Because of a law that the Congress passed in 2001, the estate tax, which at is 45 percent this year with an exemption up to $3.5 million in assets, will be entirely repealed in 2010 before abruptly returning to its former rate of 55 percent rate in 2011.
Think there might be a few rich grannies pulled off a few respirators on December 31, 2010?
A pair of Australian economists, who studied the repeal of that country’s inheritance tax in 1979, seem to think there very well could be. They found (.pdf) evidence of so-called “death elasticity”: statistically significant aberrations in reported death rates in Australia on and around June 30, 1979, when the repeal of the estate tax took effect. A relatively high number of Australians who would have been subject to the tax found a way to postpone their deaths until after the 30th. (Or, just as plausibly, their relatives found ways to conceal the moment of passing on their death certificates).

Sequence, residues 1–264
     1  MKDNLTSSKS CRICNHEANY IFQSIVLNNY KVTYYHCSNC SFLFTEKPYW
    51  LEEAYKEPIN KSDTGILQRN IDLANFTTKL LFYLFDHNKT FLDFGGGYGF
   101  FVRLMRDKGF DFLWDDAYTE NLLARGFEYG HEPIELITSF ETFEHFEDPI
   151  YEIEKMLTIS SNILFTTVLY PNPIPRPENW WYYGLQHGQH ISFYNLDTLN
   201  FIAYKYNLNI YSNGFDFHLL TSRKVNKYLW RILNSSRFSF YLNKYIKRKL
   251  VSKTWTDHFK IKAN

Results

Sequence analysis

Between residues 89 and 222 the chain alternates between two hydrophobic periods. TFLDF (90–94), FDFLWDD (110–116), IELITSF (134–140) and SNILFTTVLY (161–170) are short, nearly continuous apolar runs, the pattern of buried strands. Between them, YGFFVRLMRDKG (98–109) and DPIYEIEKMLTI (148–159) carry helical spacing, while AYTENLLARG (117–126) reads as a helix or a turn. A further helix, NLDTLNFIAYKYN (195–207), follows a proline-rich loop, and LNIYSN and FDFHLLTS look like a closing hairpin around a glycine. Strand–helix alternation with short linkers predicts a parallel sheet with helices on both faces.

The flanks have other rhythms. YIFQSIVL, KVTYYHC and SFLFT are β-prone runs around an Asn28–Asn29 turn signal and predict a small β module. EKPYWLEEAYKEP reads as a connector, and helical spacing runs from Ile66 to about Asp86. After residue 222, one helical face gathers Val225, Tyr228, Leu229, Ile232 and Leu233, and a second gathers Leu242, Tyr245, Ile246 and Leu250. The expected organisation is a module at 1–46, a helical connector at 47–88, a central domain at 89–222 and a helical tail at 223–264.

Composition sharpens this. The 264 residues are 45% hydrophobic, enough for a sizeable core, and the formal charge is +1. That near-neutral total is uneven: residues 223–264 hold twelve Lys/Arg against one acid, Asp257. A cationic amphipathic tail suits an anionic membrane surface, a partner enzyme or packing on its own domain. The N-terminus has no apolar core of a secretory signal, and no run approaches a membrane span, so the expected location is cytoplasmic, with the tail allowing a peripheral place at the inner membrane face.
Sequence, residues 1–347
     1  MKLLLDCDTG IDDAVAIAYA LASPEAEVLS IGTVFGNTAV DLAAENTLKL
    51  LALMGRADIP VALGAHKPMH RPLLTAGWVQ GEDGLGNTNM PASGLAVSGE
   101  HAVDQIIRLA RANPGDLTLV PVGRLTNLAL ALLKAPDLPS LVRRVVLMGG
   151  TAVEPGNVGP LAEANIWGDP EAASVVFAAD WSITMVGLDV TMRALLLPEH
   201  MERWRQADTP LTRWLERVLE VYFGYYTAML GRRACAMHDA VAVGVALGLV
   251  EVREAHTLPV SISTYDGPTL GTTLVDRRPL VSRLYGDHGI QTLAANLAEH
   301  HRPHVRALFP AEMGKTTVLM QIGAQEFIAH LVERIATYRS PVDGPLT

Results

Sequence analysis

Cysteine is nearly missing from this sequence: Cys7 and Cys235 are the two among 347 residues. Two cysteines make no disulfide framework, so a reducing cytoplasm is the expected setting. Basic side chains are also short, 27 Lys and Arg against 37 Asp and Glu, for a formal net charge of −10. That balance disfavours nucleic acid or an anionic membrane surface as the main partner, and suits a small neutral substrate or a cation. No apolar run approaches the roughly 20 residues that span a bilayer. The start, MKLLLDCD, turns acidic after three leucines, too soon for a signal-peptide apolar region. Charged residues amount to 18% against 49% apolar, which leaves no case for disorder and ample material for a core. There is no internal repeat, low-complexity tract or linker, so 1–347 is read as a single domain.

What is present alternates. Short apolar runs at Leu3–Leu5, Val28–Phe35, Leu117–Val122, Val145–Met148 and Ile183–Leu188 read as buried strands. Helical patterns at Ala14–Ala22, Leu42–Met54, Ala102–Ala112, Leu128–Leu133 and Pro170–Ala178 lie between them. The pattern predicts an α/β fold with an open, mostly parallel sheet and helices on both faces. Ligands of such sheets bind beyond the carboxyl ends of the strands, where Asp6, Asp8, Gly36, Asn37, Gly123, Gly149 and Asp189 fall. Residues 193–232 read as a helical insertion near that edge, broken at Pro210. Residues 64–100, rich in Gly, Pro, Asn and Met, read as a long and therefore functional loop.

Postponement of one’s death, of course, isn’t such a problem. But because of this one-year glitch in the tax code, it will actually incentivize dying in 2010 instead of 2011. And it’s undoubtedly much easier to speed up one’s date of death than to slow it down. Talk about perverse incentives.